Jack Uppal remembered as a 'legend' for B.C.'s South Asian community
Jack worked many jobs in his early years including becoming Vancouver’s first South Asian bus driver
After his passing last year, Jack Uppal's memorial service was attended by thousands from across British Columbia. It was an emphatic statement of the impact he had on his community.
When his father died, Jack Uppal was forced to leave school at the age of 13 to help make ends meet for his family.
Seventy-four years later in 2012, an 87-year-old Uppal received an honorary degree from Simon Fraser University acknowledging all the work he had done for the South Asian community in his life.
"My love for humanity is the essence of my being. I want to infect you with the same desire to do for others as you would do for yourself because greatness is defined by service," he said in his speech to the graduating students that year.
- Wally Oppal's 100-year-old mother a symbol for B.C.'s South Asian community
- Indo-Canadians' fight to vote testimony to 'resolute determination' says Moe Sihota
Uppal passed away in May of last year. He is largely recognized as one early pioneers of South Asian descent in B.C.
Remembered by his daughter
"Our house was like a postal service. People would come in and out and my dad would be doing favours unconditionally," says Jack's daughter, Cindy Bains.
"He just loved helping the community out at-large."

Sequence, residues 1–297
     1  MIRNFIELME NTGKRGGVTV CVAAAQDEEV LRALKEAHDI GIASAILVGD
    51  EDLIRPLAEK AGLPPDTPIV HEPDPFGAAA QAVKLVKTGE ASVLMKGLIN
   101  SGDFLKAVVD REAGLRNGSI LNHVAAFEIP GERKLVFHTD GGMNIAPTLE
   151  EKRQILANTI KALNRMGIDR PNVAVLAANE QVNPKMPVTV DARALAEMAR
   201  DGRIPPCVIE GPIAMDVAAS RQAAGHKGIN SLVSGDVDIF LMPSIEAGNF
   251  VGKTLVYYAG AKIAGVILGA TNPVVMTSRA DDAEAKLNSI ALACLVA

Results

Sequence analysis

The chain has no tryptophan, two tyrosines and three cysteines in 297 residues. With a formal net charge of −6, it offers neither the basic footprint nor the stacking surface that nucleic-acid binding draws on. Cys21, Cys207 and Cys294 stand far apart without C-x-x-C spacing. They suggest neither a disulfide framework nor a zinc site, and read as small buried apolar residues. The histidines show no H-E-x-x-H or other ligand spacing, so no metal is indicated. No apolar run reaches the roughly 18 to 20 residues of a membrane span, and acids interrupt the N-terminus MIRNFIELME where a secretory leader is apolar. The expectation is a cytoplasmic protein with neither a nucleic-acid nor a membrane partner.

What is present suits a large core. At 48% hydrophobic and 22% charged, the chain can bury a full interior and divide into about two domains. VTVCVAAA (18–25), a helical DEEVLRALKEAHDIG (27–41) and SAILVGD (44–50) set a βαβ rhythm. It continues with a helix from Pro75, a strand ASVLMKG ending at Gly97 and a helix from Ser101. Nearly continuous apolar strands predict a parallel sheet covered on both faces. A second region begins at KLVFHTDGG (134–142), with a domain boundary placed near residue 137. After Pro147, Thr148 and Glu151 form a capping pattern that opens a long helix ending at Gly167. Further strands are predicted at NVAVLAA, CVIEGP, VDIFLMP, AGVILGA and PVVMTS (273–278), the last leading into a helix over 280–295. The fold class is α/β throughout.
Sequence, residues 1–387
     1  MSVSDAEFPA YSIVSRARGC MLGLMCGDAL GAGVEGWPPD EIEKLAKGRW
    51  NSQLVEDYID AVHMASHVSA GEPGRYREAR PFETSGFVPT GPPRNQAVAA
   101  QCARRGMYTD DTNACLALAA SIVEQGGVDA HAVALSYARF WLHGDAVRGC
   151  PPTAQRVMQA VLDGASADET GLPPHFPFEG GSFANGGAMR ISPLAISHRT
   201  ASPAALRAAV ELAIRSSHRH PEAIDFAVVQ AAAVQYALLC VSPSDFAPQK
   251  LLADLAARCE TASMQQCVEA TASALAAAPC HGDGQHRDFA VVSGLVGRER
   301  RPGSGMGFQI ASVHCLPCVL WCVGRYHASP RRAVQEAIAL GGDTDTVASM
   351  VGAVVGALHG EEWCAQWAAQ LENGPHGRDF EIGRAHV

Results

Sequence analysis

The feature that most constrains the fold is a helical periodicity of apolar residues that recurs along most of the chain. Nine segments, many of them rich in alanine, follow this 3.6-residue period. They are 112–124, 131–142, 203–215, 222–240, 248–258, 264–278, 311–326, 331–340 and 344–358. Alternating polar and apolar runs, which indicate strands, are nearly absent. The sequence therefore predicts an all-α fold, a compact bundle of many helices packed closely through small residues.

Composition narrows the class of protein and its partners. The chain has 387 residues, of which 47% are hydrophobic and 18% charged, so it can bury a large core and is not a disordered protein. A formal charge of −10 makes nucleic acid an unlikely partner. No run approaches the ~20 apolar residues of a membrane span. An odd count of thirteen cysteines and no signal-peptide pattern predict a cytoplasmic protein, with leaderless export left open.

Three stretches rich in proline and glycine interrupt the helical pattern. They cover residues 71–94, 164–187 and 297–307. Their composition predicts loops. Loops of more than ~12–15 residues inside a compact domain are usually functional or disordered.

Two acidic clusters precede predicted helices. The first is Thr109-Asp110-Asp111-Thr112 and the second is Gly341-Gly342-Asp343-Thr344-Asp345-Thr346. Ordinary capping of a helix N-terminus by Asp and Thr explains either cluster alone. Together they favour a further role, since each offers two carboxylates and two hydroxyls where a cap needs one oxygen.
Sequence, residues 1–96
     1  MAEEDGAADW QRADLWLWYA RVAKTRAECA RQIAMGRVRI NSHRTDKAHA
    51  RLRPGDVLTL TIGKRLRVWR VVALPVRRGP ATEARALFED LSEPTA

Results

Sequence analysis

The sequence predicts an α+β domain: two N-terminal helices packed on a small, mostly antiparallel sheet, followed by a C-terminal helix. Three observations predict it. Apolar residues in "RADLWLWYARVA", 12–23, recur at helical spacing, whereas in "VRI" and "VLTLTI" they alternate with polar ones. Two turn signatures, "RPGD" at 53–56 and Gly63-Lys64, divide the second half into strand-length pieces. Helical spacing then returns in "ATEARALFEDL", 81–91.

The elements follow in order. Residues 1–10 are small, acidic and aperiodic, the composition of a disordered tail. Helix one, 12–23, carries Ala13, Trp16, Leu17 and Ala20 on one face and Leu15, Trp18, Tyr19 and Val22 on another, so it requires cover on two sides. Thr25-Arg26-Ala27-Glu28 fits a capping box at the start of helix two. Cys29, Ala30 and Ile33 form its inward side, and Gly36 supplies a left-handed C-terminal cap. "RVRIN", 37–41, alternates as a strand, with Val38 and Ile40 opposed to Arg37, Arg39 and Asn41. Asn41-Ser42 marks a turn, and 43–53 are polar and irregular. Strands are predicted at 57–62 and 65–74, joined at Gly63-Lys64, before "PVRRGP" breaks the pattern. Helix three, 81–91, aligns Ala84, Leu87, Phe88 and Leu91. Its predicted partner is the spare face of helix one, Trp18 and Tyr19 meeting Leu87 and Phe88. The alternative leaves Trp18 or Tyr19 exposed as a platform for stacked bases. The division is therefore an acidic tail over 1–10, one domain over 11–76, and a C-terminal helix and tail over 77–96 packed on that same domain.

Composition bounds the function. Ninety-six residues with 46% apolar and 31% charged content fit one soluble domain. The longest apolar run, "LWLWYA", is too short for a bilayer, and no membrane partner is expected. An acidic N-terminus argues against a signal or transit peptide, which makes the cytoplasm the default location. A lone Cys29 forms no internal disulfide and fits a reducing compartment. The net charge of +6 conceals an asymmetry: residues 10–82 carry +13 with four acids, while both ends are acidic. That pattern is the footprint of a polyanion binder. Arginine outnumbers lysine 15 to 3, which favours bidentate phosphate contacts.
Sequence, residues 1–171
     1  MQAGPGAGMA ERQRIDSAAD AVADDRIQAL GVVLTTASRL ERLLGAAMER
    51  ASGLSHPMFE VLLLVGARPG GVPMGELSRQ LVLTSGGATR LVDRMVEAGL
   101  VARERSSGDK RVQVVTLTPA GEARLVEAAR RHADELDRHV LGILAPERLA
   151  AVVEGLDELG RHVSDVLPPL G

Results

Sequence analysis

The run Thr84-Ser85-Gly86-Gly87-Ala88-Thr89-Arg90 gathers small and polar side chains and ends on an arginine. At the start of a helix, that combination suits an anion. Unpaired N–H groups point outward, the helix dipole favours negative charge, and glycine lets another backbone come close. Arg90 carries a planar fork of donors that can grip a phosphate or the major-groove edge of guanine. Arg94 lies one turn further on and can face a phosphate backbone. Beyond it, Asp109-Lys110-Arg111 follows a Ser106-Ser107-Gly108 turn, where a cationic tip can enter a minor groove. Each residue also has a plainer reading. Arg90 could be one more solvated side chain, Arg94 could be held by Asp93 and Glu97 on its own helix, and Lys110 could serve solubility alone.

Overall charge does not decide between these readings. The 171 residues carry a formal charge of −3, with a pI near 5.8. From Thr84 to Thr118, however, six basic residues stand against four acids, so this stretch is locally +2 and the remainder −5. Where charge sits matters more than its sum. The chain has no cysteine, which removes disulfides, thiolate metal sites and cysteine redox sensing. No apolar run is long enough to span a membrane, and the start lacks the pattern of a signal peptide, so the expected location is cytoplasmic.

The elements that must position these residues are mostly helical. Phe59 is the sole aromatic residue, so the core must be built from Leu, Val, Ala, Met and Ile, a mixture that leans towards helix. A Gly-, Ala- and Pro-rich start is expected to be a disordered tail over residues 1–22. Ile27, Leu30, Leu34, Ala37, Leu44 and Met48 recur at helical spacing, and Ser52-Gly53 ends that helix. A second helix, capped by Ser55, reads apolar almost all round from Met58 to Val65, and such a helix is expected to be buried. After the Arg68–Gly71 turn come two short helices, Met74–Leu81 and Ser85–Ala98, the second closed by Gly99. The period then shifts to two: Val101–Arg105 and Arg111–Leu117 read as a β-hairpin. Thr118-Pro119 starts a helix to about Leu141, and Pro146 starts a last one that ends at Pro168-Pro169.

After working several jobs in his youth — including becoming the first South Asian to be a bus driver in Vancouver — Jack decided the best way towards business success was to start his own business in the lumber industry. He eventually became the owner and operator of Goldwood Industries on Mitchell Island.
"The reason that the lumber industry is famous is because there was no other work for our people in the past. They couldn't be lawyers or doctors. They had to work hard and it's because of that industry that we've been able to be successful in Canada," says Bains.
Since Uppal's death, she has taken up the presidency of the company after her father.
Massive turnout at memorial service
Last year, thousands of individuals from across the province attended the memorial service for Jack Uppal.
Bains says it was his generosity towards everyone, South Asian or otherwise, that made him such a pillar of the community.
"He'll be remembered to us as a legend to our community. Nobody could do what he did, and he did it from his heart."
"He always preached to us that love is everything and that you have to love your fellow man."
If greatness is defined by service, then Jack Uppal was one of the greats.
To hear more, click the audio labelled: Jack Uppal remembered as a 'legend' for the South Asian community.
To read other stories of South Asian pioneers, download Mehfil Magazine's digital commemorative book '100 Year Journey' at www.100yearjourney.com.